Racing flats: This class of performance running shoe is designed for maximum speed. Nike racing shoes are super-light, with little to no heel drop.
Running spikes: Like racing flats, running spikes are built for quick performances. However, track running shoes feature sharp metal or ceramic spikes screwed into the sole. The spikes offer the traction you need to race on a track, or dirt- and grass-heavy routes.
'Only experience and a lot of trial and error will help runners understand their preferences and the type of shoe they prefer'.
Jason Fitzgerald USATF-certified running coach and owner of Strength Running
How to Find Your Perfect Pair
1.Identify your pronation type
Pronation refers to the way your foot rolls inwards when it strikes the ground. And pronation affects your running. A slight roll is normal, but many runners overdo it in one direction. These are categorised under two main pronation types: overpronation and underpronation. Your arch type or foot type can make a difference. People with low arches tend towards excessive pronation. Conversely, people with high arches tend towards excessive supination.
2.Overpronation vs. Underpronation
If you overpronate, your weight shifts too far inwards. If you underpronate (also known as supination), your weight shifts too far outwards.
The issue with overpronating and supinating is that neither allows your feet to absorb impact the way they should, which only adds stress and instability up and down the entire chain of your body.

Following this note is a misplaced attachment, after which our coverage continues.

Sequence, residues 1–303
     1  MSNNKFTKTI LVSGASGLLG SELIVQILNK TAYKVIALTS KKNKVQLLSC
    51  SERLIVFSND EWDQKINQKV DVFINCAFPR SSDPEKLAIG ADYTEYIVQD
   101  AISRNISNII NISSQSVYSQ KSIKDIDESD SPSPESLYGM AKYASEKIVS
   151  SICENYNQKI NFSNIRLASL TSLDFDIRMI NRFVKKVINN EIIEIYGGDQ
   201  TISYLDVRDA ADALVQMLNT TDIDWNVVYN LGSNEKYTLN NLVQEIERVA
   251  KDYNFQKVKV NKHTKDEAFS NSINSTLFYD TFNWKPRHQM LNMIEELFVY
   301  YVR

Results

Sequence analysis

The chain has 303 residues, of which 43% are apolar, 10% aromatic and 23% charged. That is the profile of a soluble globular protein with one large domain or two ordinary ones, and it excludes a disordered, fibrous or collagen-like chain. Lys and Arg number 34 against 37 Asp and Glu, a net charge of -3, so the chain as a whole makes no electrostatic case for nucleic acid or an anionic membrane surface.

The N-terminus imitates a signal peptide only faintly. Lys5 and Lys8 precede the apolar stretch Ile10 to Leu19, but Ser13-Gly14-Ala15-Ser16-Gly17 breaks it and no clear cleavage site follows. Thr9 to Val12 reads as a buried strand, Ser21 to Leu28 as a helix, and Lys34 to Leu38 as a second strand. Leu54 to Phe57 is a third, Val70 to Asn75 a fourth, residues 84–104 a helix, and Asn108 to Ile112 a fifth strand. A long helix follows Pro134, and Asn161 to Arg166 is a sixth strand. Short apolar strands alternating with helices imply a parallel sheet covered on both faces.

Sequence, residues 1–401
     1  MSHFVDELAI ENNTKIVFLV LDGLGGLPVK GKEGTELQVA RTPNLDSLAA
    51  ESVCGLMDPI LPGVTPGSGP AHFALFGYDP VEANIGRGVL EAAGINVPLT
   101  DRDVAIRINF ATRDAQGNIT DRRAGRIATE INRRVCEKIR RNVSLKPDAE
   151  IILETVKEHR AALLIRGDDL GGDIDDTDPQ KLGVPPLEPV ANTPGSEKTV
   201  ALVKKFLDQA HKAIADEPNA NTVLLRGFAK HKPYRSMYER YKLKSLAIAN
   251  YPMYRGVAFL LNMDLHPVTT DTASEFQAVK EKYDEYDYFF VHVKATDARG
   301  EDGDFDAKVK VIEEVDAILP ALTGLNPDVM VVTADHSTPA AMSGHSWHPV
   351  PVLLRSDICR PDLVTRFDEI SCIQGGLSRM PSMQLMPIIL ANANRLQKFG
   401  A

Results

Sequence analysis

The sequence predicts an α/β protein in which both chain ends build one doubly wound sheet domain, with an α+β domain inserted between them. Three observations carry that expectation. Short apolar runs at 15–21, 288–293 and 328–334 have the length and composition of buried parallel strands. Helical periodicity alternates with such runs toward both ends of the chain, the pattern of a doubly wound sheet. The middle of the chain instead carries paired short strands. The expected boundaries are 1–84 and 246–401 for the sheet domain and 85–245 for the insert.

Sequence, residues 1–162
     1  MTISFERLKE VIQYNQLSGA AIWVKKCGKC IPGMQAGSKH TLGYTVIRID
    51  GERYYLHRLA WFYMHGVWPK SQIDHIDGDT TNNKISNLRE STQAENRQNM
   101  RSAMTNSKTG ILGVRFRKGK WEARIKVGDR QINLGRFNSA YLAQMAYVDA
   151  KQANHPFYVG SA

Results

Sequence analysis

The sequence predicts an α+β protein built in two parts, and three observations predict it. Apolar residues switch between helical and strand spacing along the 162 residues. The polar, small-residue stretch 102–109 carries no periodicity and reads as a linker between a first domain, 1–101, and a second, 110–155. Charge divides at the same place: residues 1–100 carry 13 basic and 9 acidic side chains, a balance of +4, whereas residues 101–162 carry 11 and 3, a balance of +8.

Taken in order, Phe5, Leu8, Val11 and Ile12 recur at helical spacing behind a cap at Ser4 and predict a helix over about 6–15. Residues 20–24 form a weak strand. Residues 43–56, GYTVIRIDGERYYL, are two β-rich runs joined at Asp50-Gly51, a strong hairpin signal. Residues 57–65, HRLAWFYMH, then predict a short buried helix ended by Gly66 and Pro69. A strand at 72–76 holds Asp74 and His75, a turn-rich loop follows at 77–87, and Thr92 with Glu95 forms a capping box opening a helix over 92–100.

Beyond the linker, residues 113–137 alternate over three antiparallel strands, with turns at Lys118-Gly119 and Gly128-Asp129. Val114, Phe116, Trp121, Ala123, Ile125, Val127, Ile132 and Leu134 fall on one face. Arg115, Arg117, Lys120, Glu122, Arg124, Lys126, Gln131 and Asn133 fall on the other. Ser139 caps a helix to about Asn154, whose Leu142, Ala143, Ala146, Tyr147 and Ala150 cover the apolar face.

Choosing shoes according to pronation type may help each foot land in an ideal position. This should help you distribute force coming through the ground, which may prevent pain and injury. Not to mention, the right shoe gives you a more comfortable run.
One easy way to tell if you supinate or overpronate is to take a pair of your well-worn shoes, flip them over and examine the wear pattern on the soles. If you overpronate, you'll find excessive wear on the inside edge of the soles. If that's the case, you may prefer stability shoes with a firmer midsole. Supination, on the other hand, will cause excessive wear on the outside edge. You may feel best in a neutral shoe, but test a few pairs and decide for yourself.
Some Nike shoes are best for overpronation, while other Nike shoes are best for supination. When in doubt, ask someone at your local Nike store for advice. They can offer shoe suggestions and even give you a gait analysis (a running test to assess your movement patterns) to narrow down your pronation type.
3.Match the Shoe to Your Run
'Running shoes can certainly be used as training tools, so it's helpful to ask what type of run you're about to do', Fitzgerald says.
- Technical: If your runs carry you through rough terrain, trail running shoes may be your best bet.
- Speed: For fast intervals, opt for a lightweight, minimalist shoe. These won't weigh you down. Keep in mind that optimal road shoes will be different from optimal trail running shoes.